|Table of terms for elders and deacons|
|Titus 1:7, Philippians 1:1, Acts 20:28|
|Ephesians 4:11, 1Peter 2:25, 1Peter 5:1-4, Acts 20:28|
|1Peter 5:1, Titus 1:5, Acts 20:17, 1Timothy 4:14|
|1Thessalonians 5:12, 1Timothy 5:17|
|1Timothy 3:8, Philippians 1:1|
There are four Greek words rendered by seven English words:-
In the table, the Greek/English equivalents are given. Some translators, instead of the simpler English, use the words in brackets. Personally, I think the bracketed words (bishop, pastor, presbyter) are less suitable for general use in the church, because they need too much explaining and can be misleading because of denominational usage or rather misuse.
A comparison of these passages will show that the terms overseer, bishop, shepherd, pastor, elder, presbyter, and ruler, are synonymous and interchangeable. They are simply different words for the same thing. Notice in particular the following points:
There is one Greek word rendered by three English words:- diakonos rendered as deacon, minister, or servant (see table).
The word "deacon" is really just the Greek word diakonos turned into an English word. As such it is rather meaningless to those who do not know Greek. The word diakonos, if actually translated (rather than merely transliterated) means servant. Most of the time it is rendered as servant, and it is questionable whether the use of "deacon" in the few instances is necessary or helpful.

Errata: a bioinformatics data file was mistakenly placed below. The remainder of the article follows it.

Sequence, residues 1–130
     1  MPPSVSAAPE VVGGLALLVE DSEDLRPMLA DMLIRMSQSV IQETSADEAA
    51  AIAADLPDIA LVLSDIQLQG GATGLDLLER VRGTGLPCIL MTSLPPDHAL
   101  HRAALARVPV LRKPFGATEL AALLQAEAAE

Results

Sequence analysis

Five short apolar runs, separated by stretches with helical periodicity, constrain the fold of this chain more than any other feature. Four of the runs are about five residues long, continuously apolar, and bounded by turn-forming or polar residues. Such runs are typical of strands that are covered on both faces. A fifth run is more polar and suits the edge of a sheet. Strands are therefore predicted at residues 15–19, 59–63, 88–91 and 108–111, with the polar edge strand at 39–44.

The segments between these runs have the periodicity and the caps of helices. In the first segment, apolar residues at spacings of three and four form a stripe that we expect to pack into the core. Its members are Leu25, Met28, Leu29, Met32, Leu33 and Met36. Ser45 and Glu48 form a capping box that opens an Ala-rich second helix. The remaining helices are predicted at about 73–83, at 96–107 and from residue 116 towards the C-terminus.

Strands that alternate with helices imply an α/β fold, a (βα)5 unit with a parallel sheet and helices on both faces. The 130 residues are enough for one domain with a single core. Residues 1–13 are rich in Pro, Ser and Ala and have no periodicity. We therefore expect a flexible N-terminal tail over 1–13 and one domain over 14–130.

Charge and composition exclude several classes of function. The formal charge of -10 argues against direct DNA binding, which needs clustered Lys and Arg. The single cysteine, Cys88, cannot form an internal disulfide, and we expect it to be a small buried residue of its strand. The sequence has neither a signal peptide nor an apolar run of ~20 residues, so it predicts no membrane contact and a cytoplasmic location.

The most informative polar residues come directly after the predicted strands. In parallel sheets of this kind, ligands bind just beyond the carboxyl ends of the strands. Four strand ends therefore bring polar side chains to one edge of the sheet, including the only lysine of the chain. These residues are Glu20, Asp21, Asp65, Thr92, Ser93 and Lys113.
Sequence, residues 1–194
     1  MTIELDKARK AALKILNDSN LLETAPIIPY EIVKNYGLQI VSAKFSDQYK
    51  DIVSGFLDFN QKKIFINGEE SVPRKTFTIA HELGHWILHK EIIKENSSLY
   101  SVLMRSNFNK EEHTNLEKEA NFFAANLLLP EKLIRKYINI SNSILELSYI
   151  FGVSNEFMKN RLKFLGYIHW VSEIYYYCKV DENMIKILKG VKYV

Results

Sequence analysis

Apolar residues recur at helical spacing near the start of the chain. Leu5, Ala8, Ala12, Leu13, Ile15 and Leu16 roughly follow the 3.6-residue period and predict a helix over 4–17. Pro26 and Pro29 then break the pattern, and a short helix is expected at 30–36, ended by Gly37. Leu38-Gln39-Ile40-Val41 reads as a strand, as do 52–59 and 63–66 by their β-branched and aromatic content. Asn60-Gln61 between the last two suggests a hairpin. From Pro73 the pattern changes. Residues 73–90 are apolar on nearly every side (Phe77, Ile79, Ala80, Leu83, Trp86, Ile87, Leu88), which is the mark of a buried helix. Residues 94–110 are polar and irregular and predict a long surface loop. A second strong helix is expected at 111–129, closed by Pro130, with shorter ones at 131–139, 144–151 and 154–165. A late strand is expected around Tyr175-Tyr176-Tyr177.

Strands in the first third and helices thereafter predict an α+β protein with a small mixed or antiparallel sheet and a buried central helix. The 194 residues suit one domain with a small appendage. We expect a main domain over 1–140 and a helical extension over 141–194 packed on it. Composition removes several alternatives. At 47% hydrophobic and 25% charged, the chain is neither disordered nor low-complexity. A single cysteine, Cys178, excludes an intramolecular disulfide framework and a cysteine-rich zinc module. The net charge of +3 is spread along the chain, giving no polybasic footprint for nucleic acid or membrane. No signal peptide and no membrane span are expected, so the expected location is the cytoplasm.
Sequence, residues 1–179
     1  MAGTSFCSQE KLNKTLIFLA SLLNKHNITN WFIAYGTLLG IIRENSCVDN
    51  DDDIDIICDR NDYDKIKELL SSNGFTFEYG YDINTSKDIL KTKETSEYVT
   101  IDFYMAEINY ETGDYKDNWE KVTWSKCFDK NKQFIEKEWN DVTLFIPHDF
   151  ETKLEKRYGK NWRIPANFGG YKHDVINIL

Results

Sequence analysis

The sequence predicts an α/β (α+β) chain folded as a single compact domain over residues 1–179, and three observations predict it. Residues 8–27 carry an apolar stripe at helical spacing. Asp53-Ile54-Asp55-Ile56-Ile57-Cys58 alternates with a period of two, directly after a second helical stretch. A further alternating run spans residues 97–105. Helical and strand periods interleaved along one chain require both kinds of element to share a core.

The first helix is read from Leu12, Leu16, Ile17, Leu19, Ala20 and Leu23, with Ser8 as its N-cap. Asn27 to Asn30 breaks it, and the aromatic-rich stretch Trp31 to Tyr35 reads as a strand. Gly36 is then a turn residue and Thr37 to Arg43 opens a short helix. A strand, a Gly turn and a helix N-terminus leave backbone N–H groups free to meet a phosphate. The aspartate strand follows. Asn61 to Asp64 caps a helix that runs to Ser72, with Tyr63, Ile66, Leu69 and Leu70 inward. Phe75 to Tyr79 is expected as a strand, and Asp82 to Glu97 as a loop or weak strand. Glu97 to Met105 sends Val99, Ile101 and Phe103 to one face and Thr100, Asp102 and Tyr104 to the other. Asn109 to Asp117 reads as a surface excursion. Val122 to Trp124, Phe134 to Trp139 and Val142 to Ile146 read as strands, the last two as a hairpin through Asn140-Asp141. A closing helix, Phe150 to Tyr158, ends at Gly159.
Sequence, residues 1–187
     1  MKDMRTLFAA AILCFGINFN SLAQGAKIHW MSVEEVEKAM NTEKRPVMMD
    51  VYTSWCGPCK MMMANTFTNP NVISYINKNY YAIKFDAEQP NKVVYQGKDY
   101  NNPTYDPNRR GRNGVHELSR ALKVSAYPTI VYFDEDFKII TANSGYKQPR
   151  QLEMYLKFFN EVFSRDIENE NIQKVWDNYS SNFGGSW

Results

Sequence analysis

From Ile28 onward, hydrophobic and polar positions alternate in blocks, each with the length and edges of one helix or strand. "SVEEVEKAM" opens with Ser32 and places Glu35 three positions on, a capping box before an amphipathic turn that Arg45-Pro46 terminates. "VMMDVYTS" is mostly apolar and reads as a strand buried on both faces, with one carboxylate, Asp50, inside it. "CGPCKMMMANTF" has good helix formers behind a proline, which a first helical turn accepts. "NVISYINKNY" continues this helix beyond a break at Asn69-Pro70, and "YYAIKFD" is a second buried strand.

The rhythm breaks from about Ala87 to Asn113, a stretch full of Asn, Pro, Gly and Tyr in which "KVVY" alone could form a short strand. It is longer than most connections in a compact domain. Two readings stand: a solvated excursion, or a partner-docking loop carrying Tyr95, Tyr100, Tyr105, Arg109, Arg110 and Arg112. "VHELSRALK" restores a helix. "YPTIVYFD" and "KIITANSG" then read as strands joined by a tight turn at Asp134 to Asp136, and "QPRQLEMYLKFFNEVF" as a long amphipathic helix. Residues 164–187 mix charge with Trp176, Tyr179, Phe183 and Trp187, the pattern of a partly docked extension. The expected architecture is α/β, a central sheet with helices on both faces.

These terms are are not titles, as in, "May I introduce Elder McDonald" or "Pastor Smith" or "Deacon Jones". The words are simply descriptive nouns, as in, "Meet Albert Smith, one of our pastors." So we may have a pastor named Smith, but we should not have a Smith called Pastor. We may have a deacon named Jones, but we should not have a Jones called Deacon. Someone will say, "But it's just like saying 'Farmer Jones'". Well if it is just like that, and understood that way, that's fine. However, the point remains that the terms should not be used as titles of rank like Sergeant Jones.
The terms we have studied are descriptive of services rendered to honor God. We will now look at what those services are. What do elders and deacons do? What is their special service or ministry? What is their role in the church and why do we need them?
The elders' work may be outlined as follows:
The real charge of elders is simply stated in Hebrews 13:17. "They watch over your souls." Deacons are put in charge of practical matters, but the elders are put in charge of spiritual matters. The welfare of our souls is their responsibility (of course it is our own responsibility too!).
The elders control the spiritual environment of the church. They keep an eye on what is taught and how that teaching is exemplified and obeyed. They see that no member is allowed to wander from the truth or lead others away, whether by omission or commission. Of course, elders are not lords or dictators. They don't make church laws or lay down membership qualifications (other than what the scriptures lay down). They don't decide who will be their fellow elders, evangelists, deacons, and members. The congregation does that using God's law as the criterion. But elders give the church direction so that it will progress along fruitful lines.